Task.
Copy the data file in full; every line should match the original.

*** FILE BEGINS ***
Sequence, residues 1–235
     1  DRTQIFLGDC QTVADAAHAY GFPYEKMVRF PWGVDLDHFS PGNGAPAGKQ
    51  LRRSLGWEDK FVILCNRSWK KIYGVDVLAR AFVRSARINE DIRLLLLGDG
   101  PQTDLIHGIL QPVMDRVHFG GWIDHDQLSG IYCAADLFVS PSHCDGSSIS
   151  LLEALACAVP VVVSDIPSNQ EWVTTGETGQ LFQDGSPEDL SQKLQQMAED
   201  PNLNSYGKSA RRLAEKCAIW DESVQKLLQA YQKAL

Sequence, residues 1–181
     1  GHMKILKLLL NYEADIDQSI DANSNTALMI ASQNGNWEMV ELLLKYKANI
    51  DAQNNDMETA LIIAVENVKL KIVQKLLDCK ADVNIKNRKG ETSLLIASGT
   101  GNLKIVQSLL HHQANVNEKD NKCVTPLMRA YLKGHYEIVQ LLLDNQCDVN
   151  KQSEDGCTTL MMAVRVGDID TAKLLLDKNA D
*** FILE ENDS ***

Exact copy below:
Sequence, residues 1–235
     1  DRTQIFLGDC QTVADAAHAY GFPYEKMVRF PWGVDLDHFS PGNGAPAGKQ
    51  LRRSLGWEDK FVILCNRSWK KIYGVDVLAR AFVRSARINE DIRLLLLGDG
   101  PQTDLIHGIL QPVMDRVHFG GWIDHDQLSG IYCAADLFVS PSHCDGSSIS
   151  LLEALACAVP VVVSDIPSNQ EWVTTGETGQ LFQDGSPEDL SQKLQQMAED
   201  PNLNSYGKSA RRLAEKCAIW DESVQKLLQA YQKAL

Sequence, residues 1–181
     1  GHMKILKLLL NYEADIDQSI DANSNTALMI ASQNGNWEMV ELLLKYKANI
    51  DAQNNDMETA LIIAVENVKL KIVQKLLDCK ADVNIKNRKG ETSLLIASGT
   101  GNLKIVQSLL HHQANVNEKD NKCVTPLMRA YLKGHYEIVQ LLLDNQCDVN
   151  KQSEDGCTTL MMAVRVGDID TAKLLLDKNA D